Bear Fruit Worthy of Repentance with Rev. Emily Joye
...prayer of obedience...
Chapter 3 verse 8 of the Gospel according to Luke has been haunting me all month.
Bear fruits worthy of repentance.
Bear fruits worthy of repentance.
I mean. What does that even mean? Listen again.
Bear fruits worthy of repentance.
That’s not on any of your ornaments or hallmark cards huh?
It’s Advent for Christ’s sake. And we are on our way to Christmas. You know, shepherds, angels, manger, holy family and newborn baby Jesus. I mean it’s practically a week away, but here’s John, making sure to buzz kill the whole crowd before we even get to the party.
Folks are showing up to be baptized and he’s calling them snakes, telling them their inheritance means nothing, talking about an ax ready to cut down trees and fires ready to burn up bad fruit. It just takes all the dang jolly juice right out of you, right?
So what’s John up to?
I’m going to go out on a limb here and guess that John was tired of a dynamic that many of us pastors know a bit too well. It’s when folks come knocking on the door because they got caught at something and all of sudden they want to be saved. Got caught having an affair and the guilt drives them to church. Spent the family savings gambling and now wants to step into the confessional. It’s when folks bring their babies in to get baptized because they want a feel good moment and photo op, not the rigorous discipline necessary to bring up children as disciples of Jesus. It’s the cheap grace that Bonhoeffer so eloquently coined, I’m referring to here. Cheap grace. Too quick too easy. Prompted by a yearning to quench guilt or look good. It’s missing an essential ingredient in the life of faith, which is the mind and heart that’s been fundamentally changed.
In Luke 3:8 John says “bear fruits worthy of repentance” and the greek term for repentance here, “Metanoeo,” means a changed disposition. And the first part of the statement is “bear fruit.” Live a life, he says, that’s evident of a changed mind and heart.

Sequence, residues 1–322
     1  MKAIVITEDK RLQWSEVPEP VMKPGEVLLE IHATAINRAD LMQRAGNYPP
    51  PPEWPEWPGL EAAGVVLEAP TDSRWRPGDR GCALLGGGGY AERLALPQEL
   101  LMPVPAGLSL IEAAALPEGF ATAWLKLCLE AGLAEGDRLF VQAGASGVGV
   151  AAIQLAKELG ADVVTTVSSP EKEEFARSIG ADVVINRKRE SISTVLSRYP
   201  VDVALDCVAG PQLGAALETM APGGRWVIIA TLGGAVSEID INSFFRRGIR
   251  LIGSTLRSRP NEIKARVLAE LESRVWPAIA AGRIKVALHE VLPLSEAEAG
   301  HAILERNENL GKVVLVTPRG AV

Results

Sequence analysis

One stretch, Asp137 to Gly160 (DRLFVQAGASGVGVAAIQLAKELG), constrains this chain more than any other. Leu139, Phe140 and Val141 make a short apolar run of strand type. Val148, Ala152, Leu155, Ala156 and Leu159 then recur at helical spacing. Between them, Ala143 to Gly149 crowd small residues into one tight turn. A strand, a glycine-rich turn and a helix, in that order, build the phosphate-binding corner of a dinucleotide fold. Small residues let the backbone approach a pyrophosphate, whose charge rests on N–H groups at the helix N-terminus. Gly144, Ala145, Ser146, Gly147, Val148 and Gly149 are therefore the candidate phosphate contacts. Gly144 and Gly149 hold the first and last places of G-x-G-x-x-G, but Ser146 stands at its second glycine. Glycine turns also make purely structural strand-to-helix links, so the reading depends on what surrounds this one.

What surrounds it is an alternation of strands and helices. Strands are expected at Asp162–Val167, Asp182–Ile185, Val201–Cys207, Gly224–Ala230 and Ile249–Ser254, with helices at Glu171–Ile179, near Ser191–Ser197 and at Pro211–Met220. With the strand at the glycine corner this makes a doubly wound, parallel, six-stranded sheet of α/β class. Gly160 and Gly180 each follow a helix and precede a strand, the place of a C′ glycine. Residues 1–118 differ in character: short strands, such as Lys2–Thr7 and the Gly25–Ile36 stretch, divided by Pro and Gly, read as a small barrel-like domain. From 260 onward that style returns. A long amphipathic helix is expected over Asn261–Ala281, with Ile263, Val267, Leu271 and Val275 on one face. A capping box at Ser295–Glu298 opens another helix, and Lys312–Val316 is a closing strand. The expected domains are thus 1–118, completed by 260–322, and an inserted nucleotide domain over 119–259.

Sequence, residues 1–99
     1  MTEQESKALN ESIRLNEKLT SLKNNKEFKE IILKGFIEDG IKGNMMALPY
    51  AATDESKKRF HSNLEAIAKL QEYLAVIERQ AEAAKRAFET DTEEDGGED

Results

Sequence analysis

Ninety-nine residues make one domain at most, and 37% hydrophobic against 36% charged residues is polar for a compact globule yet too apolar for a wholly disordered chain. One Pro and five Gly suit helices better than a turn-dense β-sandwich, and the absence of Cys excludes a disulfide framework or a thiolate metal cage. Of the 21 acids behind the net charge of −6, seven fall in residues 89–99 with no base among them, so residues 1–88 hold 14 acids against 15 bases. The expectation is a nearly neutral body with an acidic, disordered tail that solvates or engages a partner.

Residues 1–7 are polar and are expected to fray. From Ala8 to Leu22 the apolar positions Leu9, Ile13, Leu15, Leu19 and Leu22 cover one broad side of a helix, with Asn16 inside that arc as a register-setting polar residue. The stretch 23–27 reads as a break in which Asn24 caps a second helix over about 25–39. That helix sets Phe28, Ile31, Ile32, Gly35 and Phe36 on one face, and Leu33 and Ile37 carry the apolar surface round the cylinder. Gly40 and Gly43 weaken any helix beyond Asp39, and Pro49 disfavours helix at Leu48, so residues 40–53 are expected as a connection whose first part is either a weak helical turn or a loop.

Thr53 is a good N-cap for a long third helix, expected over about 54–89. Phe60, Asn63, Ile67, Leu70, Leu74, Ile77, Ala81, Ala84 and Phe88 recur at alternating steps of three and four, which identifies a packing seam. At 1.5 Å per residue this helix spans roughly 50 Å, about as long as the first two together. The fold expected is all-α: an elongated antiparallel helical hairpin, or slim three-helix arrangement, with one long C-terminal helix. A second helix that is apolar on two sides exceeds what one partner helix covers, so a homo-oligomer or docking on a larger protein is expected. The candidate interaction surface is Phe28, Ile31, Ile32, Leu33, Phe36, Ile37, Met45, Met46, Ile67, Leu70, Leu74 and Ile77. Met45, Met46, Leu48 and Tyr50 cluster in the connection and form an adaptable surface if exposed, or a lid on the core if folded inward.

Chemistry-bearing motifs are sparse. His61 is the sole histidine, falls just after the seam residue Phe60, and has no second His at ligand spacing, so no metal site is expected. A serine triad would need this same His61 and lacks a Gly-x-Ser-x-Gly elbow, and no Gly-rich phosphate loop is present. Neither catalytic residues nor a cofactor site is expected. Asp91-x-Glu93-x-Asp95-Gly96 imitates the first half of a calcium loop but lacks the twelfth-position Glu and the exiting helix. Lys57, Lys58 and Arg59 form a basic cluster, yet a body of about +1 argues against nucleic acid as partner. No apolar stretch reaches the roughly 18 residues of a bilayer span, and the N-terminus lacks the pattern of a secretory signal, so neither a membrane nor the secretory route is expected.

It’s not your inheritance, he says.
It’s not your bloodline, or that we share Abraham as an ancestor.
It’s not that you came out here to get washed.
It’s not that you’re part of a crowd fleeing the wrath.
No, he says. When I look at your life, will I see fruits worthy of being called repentant?
Does your life, does HOW YOU LIVE, reflect faithful change?
I want to juxtapose this clear, this crystal clear, soteriological map, this doctrine of salvation that John puts in front of us with what Dr. Gabriel Atchison said on the first week of Advent here at the AntiRacist Devotional.
“Until white comfort is no longer more important than black and brown lives then nothing about this whole situation is going to change.”
The whole situation Dr. Atchison is referring to is white supremacy, the racist infection at the soul of our nation. And she’s telling us that white comfort is a key ingredient in keeping white supremacy in place.
Now her sister, Rev. Dominique Atchison who curated this Advent series has asked us Anti-Racist Devotional preachers, to focus on incarnation in our sermons. And this body I happen to be in is a body that’s been racialized white in this society. And no matter how much of culturally constructed and inherently problematic that identifier may be, it’s the identifier that is my personal and communal inheritance. My incarnate reality is a white reality. I cannot preach from any other somatic reality than this one, so I find myself asking these questions in response to John the Baptist, Gabriel and Dominique...
What does white repentance from comfort look like in action?
Now I could give you a whole laundry list of ideas, but I’d rather tell a story at this point because my colleague Andy once told me: “show more and tell less.” And another colleague of mine, Cliff, said that if I’m not bringing my own vulnerability as a white person in the work of anti-racism then I’m not doing it right.